The result is an overall level of adhesion with a lead on the common sports car pack as large as the Esprit has enjoyed for two decades. Coupled with such innate, unquestioning friendliness and it’s clear to see that what we are looking at here is the finest handling sports car less than a quarter of a million pounds will buy. As I see it, only the Ferrari F355 stands comparison and while the Italian is unquestionably better damped and braked and has a hugely better ride, its steering is not close to the Esprit’s and nor is it ultimately quite as balanced and benign.
The S4S is likely to be the last Esprit before the major revisions needed to accommodate the V8 engine are made. And, as parting shots go, it’s a broadly impressive one. There was nothing Lotus could do about the driving position, gravelly engine or grotty gearchange, and anyone approaching the S4S with such high hopes is bound to leave disappointed.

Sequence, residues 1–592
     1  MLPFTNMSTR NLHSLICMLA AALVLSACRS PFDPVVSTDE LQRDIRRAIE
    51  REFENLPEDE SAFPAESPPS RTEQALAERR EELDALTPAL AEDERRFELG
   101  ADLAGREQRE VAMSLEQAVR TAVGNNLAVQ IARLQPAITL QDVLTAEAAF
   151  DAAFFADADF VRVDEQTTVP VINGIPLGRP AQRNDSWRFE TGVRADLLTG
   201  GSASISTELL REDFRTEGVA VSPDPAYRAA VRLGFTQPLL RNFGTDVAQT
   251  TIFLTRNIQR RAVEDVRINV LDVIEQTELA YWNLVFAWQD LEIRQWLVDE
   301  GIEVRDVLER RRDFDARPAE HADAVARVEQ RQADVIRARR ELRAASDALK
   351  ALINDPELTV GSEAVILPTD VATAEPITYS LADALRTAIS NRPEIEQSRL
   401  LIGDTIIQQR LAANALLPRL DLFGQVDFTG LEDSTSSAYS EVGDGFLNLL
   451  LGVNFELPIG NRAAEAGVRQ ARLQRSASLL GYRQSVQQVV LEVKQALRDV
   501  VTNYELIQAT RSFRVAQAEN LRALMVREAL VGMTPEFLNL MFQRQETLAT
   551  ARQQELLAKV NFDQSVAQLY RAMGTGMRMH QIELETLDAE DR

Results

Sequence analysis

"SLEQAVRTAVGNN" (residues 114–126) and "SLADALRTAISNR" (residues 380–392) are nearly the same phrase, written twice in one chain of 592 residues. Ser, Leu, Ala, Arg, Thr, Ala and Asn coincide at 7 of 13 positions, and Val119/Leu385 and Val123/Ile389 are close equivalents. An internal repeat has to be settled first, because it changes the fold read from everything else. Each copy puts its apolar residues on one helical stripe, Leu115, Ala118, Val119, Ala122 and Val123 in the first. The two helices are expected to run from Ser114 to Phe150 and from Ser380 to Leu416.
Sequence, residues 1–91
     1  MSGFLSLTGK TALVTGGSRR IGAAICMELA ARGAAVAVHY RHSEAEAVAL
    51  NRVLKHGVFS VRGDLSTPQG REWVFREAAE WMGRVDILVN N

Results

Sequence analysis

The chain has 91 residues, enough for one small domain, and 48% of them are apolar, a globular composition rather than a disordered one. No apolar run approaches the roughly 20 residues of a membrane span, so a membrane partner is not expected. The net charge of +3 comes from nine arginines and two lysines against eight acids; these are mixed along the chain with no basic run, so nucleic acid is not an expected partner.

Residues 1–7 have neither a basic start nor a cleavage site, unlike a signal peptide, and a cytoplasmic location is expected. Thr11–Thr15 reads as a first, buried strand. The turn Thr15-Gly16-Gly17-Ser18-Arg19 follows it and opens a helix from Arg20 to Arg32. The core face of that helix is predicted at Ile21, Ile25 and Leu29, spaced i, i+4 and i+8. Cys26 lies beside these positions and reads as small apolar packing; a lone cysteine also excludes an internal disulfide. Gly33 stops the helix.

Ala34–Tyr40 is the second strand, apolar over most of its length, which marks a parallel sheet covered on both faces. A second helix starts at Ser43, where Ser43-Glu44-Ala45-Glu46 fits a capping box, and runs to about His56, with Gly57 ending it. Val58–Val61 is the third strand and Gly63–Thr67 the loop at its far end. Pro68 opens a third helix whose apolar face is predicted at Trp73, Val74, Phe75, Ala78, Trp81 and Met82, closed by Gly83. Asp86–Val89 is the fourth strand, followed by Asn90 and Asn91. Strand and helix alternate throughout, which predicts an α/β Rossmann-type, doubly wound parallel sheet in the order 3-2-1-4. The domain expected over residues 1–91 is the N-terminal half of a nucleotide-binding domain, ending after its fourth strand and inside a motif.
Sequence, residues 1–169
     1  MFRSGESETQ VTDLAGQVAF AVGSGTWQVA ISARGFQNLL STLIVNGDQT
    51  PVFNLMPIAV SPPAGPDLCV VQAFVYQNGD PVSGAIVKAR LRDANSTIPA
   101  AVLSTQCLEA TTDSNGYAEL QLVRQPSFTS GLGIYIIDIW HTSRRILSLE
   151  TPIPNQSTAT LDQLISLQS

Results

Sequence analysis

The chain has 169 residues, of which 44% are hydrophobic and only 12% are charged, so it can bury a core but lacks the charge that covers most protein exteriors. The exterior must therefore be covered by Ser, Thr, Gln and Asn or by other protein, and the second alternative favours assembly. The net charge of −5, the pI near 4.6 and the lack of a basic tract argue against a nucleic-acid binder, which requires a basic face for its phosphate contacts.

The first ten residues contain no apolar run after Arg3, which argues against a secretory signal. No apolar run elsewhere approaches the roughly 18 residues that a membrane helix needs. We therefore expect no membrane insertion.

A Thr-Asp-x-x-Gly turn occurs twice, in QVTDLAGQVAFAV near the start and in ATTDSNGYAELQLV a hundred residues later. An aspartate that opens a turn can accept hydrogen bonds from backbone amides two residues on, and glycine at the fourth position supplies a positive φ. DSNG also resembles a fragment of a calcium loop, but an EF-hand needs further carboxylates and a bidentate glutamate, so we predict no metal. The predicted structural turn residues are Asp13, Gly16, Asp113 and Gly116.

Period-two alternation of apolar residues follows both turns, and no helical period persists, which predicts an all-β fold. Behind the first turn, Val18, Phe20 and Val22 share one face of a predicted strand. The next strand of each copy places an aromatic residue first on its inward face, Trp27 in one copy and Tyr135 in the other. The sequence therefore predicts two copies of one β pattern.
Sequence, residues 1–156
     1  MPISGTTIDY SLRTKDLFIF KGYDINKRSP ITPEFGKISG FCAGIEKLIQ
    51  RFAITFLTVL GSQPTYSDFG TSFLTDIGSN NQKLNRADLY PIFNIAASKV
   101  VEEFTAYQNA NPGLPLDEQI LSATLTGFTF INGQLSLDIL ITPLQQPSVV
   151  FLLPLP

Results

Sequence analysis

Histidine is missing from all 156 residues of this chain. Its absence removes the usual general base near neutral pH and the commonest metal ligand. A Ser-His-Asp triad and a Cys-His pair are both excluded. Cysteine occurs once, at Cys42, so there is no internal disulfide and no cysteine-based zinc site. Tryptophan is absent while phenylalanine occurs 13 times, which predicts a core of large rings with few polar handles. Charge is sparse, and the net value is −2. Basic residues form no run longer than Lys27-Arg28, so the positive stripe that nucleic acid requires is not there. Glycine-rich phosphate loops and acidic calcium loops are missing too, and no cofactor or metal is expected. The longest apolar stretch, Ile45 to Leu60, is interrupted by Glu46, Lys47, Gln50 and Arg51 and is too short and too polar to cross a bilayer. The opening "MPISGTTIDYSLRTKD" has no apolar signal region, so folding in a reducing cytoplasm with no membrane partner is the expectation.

For now, Lotus hopes the Esprit’s aged but still beautiful shape, its pulverising thrust and peerless handling will persuade its customers to overlook its shortcomings as they always have. And if you measure a supercar ‘s merit by its looks, performance and handling, there’s no question the Esprit provides more of each for the money than any other.
For myself, I would conclude that such handling is fair exchange for the gearbox and engine limitations and further consider that the S4S is not only the best Esprit yet but also the best built, even if it remains far from Porsche standards. In fact, had I the money and the inclination, only the driving environment would deter me. But deter me it would. The driving position, poor ventilation and concealed dials annoyed me enough in the 36 hours we had the Esprit to let me know, unequivocally, that even if I were a rich man, I could not own one.
Yet those shorter and thinner than me, which is most of you, need not be so concerned. Britain only builds one mid-engined two-seat supercar and you’re looking at it. It’s not as polished as many Euro rivals but they, in turn, are rarely as inspired. As a device to see Lotus through these troubled times to the sunlit uplands it hopes lie ahead, it deserves your respect. And, for those of you with £54,000 pointing in the direction of a supercar, your attention too.